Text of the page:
What is judicial authority? How does Federalist 81 discuss the powers of the judiciary?
Judicial authority is the power of the judiciary to interpret laws or declare them invalid. Federalist 81 defends the powers of the judicial branch as described in the Constitution.
Read more about Federalist 81 and judicial authority.
What Is Judicial Authority?
The third branch of government, the judiciary, is unique. Unlike the executive branch, it possesses no army, navy, or other powers of enforcement to compel adherence to its decisions. Unlike the legislature, it has no direct power of the purse. However, there are several specific powers of the judicial branch.
Instead, the way that the federal courts exercise this power is through judicial review. This is the power of the judicial branch to declare null and void those laws or executive orders that are in violation of the Constitution. As explained in Federalist 81, judicial authority serves as a powerful check on both the executive and legislative branches. While courts generally do not have many formal powers to enforce their rulings, Congress and the president have historically complied with court orders, even when they disagreed with them.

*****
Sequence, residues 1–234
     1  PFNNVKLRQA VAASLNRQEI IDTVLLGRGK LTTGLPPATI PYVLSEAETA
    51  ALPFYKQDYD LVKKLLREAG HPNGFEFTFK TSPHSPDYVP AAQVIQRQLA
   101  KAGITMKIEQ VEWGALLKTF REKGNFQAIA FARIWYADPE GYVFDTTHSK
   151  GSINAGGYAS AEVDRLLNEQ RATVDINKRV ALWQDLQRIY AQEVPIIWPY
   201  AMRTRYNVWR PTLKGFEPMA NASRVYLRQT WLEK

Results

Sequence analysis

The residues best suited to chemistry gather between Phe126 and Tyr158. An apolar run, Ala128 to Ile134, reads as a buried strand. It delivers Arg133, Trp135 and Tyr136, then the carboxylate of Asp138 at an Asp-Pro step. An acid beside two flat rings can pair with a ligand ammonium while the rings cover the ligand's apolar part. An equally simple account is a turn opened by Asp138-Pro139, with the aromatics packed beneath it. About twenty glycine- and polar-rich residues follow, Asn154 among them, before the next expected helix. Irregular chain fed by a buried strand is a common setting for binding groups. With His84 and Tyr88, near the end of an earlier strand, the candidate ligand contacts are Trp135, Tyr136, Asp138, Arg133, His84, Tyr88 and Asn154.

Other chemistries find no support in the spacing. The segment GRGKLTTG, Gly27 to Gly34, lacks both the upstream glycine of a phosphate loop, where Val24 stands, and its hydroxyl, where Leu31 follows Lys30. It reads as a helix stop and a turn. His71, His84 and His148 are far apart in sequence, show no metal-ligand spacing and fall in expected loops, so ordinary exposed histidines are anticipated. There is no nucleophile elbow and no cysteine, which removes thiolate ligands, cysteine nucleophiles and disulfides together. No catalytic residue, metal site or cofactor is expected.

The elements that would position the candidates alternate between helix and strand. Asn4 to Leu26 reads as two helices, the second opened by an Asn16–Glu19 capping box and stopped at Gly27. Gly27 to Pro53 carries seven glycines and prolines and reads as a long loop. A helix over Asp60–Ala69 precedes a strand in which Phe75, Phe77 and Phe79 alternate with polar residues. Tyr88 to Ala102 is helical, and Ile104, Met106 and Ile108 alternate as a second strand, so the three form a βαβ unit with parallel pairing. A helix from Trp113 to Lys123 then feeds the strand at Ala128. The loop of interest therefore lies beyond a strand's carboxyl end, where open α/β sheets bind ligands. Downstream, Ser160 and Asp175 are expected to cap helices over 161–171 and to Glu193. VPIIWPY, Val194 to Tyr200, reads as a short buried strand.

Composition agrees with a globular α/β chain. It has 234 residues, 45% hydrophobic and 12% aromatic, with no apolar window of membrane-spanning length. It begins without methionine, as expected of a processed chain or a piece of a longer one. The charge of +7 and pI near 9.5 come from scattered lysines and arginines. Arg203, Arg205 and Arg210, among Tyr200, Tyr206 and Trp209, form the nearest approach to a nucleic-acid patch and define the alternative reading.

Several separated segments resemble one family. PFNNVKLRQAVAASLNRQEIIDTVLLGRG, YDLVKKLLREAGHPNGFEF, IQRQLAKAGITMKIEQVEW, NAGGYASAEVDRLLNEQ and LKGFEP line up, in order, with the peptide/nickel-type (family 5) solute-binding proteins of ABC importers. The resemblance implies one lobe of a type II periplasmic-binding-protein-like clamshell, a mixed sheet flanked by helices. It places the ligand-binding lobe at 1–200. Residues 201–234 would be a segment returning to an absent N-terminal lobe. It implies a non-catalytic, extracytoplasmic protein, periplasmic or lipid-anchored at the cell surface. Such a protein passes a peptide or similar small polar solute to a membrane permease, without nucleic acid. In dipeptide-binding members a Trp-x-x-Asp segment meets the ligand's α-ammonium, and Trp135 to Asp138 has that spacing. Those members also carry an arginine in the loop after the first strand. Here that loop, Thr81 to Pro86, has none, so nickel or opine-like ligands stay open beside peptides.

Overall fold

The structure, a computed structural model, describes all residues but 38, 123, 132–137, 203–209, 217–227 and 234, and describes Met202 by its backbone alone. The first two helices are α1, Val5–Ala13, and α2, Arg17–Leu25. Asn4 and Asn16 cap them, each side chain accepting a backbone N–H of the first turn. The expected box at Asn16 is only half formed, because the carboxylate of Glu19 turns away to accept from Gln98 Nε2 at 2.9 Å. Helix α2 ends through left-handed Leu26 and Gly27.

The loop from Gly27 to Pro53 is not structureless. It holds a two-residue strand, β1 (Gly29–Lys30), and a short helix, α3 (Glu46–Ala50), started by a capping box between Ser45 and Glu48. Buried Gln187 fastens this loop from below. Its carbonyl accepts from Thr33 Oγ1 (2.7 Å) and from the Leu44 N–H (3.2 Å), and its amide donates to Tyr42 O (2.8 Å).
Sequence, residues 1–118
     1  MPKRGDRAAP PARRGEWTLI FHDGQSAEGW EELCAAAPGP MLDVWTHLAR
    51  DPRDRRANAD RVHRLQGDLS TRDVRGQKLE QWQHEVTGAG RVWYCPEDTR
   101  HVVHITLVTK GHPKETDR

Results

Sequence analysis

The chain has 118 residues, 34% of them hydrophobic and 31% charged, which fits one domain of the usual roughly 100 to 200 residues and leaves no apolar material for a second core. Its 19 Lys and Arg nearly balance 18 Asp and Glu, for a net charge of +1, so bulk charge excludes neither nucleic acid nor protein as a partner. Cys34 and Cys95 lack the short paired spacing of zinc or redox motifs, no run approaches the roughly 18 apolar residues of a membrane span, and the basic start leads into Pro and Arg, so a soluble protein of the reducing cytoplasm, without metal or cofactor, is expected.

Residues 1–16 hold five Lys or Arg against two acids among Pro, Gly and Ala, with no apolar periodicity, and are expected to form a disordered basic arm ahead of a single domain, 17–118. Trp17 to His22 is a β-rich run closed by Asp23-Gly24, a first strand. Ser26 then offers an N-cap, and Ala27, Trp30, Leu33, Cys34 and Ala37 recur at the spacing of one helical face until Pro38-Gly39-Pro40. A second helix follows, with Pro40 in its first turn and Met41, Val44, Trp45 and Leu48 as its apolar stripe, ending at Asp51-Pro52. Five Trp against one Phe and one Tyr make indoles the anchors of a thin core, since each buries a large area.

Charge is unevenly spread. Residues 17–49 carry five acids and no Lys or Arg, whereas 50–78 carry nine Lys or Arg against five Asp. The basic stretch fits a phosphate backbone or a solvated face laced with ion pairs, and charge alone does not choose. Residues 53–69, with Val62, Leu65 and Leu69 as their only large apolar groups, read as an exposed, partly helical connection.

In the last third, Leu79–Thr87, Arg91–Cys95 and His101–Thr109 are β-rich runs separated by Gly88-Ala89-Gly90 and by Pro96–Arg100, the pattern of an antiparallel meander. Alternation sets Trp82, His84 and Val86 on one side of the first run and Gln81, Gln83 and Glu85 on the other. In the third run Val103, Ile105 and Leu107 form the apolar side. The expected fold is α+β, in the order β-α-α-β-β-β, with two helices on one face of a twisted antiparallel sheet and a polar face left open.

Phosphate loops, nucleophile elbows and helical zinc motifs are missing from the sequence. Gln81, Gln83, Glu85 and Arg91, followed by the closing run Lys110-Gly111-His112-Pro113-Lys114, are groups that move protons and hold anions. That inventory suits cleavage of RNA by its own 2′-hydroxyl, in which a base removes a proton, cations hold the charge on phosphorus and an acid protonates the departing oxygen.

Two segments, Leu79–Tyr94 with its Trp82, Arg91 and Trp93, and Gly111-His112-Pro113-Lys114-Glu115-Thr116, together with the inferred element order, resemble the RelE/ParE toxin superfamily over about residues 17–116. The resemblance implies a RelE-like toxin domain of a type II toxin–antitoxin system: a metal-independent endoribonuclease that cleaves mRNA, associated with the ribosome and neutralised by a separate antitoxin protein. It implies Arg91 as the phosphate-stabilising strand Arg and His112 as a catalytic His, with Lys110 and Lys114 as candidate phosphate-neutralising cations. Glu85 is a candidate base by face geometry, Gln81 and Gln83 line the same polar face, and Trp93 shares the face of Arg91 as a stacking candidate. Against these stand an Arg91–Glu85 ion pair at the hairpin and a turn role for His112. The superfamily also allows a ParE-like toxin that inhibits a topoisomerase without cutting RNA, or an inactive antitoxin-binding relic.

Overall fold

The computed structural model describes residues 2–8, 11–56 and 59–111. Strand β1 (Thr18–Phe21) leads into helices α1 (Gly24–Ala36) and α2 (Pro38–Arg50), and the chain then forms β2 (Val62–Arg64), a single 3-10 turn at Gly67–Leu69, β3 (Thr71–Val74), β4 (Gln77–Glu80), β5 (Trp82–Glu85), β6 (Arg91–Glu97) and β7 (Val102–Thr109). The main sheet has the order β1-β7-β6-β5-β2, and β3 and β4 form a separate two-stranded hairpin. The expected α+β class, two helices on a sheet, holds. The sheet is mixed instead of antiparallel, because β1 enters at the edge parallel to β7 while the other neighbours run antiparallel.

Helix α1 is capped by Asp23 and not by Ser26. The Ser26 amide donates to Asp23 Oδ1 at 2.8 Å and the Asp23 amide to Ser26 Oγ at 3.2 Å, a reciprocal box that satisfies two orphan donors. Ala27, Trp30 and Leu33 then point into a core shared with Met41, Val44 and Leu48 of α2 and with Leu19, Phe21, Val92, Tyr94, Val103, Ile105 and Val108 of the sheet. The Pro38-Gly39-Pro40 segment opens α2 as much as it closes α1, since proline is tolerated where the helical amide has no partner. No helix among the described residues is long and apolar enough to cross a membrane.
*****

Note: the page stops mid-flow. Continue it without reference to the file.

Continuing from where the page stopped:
Given its crucial function, and judges’ comparative lack of enforcement power, it was important that the judiciary be independent from the executive and legislative branches and have specific powers of the judiciary. To ensure this, judges were to serve for life, provided that they maintained “good behavior” on the bench. There were good reasons for this. Judges were meant to make their rulings solely on the Constitution, not for political considerations. If they had to be renominated and re-confirmed, they might feel the need to curry favor with Congress and the president, which could exert a corrupting influence on their jurisprudence.
The highest court in the land was to be the United States Supreme Court. In the main, the Supreme Court acted as an appellate court—issuing final rulings (for those cases it chose to hear) on cases that had worked their way through the inferior federal courts. The only cases where the Supreme Court would have original jurisdiction would be cases involving ambassadors or cases in which a state was a party to a suit.
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